Institutions in no man’s land as a collateral damage of the openness of the Dayton Peace Agreement
Author: Muharem Bazdulj, a journalist and writer (Sarajevo, August 31, 2012)
It is obvious that the causes of the current crisis are political. Seven cultural institutions “of national importance” in Bosnia and Herzegovina (B&H) have found themselves in a ‘no man’s land’ as collateral damage of the Dayton Peace Agreement, due to its openness to different interpretations. If we were joking, we could claim in this context that the Dayton Agreement (and the B&H Constitution as its inherent part) is an open work – in the sense of how Umberto Eco had used the phrase. That openness was the reason for the permanent political crisis which has engulfed B&H for the past seventeen years, as well as caused the agony of the seven previously mentioned institutions.
The consequences of this crisis are difficult to estimate, and it is even more difficult to overestimate them. A separate text could be written for each of the seven institutions, analyzing in detail the importance of each one. The most obvious things are often the most difficult to explain. After all, what is a country without the National and University Library? The war destruction of Vijećnica (then the B&H National Library) is one of the emblematic images in the history of the last decade of 20th century Europe. Some B&H intellectuals recently compared the problems that the Museum of Contemporary Art in Sarajevo, Ars Aevi, had faced, with the destruction of Vijećnica. Even if we forsook the absurdity of that hyperbole, it is strange how this Ars Aevi problem generated much more public attention than has the two-decade-long problem of the National and University Library as an institution. The same can be said about the other six institutions of “national importance.” It appears that everybody has become numb to their agony.
As far as the abstract of opinions of these institutions’ employees is concerned (“The Crisis of the Cultural Institutions in Bosnia and Herzegovina: Causes, Implications and Solution Modalities”), I consider it to be precise, clear and descriptive. From my outsider’s point of view, I wouldn’t add or take anything away from it.
With respect to the modalities for the solution of this crisis, we should keep in mind that it has been proven over and over again that the political status quo in B&H could be prolonged indefinitely. In an ideal situation, the issue of these institutions should have been one of the priorities in all scenarios concerning the constitutional changes, meaning that all parties which declare themselves as pro-Bosnian should tie the problems of these institutions with the “package” of other problems that must be solved in the first “phase” of constitutional reforms.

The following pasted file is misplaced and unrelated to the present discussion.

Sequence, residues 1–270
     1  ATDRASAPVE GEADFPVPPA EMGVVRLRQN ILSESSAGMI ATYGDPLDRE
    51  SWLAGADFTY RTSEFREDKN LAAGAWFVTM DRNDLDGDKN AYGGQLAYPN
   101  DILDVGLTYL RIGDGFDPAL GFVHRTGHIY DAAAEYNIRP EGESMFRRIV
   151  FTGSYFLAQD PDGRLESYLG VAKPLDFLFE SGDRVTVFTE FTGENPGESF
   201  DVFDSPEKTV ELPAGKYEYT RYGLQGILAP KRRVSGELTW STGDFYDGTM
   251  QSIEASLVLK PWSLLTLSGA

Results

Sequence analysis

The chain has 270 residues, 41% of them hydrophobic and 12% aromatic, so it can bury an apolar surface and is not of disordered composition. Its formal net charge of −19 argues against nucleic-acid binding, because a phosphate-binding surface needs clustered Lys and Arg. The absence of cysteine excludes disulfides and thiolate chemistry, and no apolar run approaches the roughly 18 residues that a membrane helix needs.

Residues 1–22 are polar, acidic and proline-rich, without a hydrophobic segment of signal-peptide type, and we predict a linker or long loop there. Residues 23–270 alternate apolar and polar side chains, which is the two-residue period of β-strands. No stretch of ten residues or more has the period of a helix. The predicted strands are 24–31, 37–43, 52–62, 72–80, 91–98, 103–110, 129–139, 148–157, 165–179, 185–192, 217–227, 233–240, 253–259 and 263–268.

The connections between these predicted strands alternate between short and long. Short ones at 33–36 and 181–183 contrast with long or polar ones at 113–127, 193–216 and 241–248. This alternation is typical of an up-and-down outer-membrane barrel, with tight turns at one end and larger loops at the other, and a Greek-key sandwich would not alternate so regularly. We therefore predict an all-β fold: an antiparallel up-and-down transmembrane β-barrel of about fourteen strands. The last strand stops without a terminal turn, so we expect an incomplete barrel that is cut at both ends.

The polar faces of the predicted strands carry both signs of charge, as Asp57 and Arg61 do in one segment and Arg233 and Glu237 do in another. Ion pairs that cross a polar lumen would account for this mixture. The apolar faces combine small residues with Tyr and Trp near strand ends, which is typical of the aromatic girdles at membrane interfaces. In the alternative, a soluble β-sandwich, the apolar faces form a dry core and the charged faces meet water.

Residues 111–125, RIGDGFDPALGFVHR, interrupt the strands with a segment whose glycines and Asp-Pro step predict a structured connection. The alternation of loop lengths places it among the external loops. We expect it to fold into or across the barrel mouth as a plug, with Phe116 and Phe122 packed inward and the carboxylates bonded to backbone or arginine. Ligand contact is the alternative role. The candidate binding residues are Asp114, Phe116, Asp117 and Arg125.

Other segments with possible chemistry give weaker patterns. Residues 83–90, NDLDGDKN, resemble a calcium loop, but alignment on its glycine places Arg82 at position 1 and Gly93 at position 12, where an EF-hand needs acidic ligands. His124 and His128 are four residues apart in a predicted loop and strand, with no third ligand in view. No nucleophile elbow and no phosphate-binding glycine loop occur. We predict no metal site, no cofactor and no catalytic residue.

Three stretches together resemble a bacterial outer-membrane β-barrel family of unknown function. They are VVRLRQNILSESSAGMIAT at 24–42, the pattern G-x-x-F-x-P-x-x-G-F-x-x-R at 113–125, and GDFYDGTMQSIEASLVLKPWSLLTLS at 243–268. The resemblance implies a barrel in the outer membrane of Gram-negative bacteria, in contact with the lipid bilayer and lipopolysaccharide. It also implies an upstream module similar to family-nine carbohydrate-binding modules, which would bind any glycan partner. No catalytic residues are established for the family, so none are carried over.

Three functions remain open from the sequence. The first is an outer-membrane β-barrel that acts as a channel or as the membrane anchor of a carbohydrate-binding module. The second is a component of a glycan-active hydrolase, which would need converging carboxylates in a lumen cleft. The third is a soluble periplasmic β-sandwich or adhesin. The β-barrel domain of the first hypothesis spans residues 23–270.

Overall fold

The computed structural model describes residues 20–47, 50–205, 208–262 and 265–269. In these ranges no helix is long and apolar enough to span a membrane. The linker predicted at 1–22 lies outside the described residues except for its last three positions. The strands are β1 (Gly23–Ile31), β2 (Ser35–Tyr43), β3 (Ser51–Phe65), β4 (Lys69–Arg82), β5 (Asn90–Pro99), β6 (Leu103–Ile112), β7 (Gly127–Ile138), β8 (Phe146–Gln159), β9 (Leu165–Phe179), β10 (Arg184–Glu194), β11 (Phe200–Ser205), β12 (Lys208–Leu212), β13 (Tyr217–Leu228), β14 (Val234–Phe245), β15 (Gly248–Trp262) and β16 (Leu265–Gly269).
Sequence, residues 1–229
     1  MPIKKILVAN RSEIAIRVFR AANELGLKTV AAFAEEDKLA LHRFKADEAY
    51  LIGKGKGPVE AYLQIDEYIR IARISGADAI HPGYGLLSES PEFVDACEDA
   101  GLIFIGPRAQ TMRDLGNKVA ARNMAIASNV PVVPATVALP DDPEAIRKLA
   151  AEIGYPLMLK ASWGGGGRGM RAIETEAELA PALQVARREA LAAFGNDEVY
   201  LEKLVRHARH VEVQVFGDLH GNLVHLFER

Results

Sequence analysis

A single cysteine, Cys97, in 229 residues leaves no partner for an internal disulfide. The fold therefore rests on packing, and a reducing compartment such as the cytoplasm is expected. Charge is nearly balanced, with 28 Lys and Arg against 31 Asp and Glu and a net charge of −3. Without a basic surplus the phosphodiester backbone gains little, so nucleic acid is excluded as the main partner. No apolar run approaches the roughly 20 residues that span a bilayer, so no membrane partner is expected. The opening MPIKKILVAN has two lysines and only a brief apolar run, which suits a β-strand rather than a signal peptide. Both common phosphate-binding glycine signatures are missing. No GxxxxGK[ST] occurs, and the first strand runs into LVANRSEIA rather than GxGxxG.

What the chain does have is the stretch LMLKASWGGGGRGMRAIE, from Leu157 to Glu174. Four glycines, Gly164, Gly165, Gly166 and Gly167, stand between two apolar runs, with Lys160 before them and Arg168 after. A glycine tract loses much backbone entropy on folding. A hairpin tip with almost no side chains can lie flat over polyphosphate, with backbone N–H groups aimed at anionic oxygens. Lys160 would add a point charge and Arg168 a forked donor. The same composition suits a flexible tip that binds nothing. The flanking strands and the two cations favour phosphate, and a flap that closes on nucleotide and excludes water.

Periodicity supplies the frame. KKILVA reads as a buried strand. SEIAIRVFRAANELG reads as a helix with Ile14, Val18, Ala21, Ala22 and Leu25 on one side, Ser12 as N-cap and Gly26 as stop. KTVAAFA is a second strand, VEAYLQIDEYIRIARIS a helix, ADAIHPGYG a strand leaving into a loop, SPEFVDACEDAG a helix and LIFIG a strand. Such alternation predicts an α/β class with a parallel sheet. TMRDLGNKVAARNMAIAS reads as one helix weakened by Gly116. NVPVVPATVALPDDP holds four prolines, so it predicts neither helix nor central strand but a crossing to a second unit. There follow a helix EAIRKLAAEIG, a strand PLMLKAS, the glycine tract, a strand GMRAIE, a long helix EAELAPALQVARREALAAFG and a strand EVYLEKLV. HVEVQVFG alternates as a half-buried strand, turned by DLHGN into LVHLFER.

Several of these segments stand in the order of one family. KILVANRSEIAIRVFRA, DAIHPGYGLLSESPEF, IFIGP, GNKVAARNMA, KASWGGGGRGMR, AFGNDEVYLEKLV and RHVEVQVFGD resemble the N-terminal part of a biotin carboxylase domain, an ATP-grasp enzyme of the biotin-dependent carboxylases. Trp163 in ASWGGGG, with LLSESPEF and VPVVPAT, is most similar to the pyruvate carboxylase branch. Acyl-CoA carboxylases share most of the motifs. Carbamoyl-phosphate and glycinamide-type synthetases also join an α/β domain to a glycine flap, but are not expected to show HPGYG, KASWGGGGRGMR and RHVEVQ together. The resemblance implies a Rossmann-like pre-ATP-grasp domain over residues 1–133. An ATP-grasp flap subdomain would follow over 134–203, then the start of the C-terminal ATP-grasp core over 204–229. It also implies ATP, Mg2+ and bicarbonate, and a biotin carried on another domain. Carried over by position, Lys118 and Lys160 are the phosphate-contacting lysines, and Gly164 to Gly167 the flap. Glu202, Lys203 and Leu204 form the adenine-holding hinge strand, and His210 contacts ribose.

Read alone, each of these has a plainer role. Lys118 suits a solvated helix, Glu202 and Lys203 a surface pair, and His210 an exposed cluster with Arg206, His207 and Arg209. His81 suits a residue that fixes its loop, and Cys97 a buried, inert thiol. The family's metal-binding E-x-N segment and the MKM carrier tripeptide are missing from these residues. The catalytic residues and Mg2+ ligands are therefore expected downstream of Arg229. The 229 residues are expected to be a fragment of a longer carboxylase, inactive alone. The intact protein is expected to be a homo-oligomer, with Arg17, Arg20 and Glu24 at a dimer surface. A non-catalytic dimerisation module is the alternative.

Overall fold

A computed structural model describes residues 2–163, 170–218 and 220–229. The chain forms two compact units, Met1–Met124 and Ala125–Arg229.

The principle is simple – these institutions should be under the authority of the Ministry of Civil Affairs, so long as there is no Ministry of Culture at the state level. However, if we know (as we do know) that all the former attempts of the constitutional reforms have consistently failed, this idea could be thought of as a utopian optimism in terms of daily politics. With this situation in mind, it should be considered that the funding for these institutions could be provided by the lower levels of the government – at least temporarily.
Although such a solution could be perceived as degrading and unpatriotic by the B&H public, we should point to one example which shows that it does not necessarily need to be regarded as such. The National Theatre in Sarajevo is financed out of the Sarajevo Canton’s budget, and regardless of that, it is still treated as the national theatre, analogue, to some extent, with the position of the Croatian National Theatre in Zagreb. Naturally, that is not an ideal situation; however, it is better than the continuing agony and possible complete collapse.
When the initiatives of the institutions themselves are concerned, their hands are tied in many respects. For me, the attacks on the heads of these institutions which claim that they are “managerially incompetent,” are wrong. Everywhere in the world, institutions of this character can function only if the majority of their financial needs are covered out of the governmental budget funds.
One – and not the smallest one – of the dangers for these institutions is the possibility that the B&H public might grow accustomed to their predicament, and due to its numbness, believe that the current conditions are actually normal. For that reason, the very existence of the platform CULTURESHUTDOWN.NET is far from insignificant. As long as it keeps the problem of these institutions continually visible, the “radar” of the public critical attention will register it as well.
Muharem Bazdulj is a journalist, interpreter and author from Bosnia and Herzegovina. He was born in Travnik. He graduated from the Faculty of Philosophy in Sarajevo – Department of English Language and Literature. His works have been published in various journals and newspapers, such as: Abraham, Dani, Iza, Lica, Oslobođenje, Kolaps, Divan, Reporter, Vreme, Feral Tribune, Novi Omanut, Pontes, Zarez, Bal Canis, Forum, Naše Pismo and World Press Review. He is a member of the Editorial Board of the Journal of Theory, Culture and Visual Arts Tvrđa (Zagreb). His books have been translated into German, English and Polish, while his stories and essays to a dozen more languages. He lives and works in Sarajevo.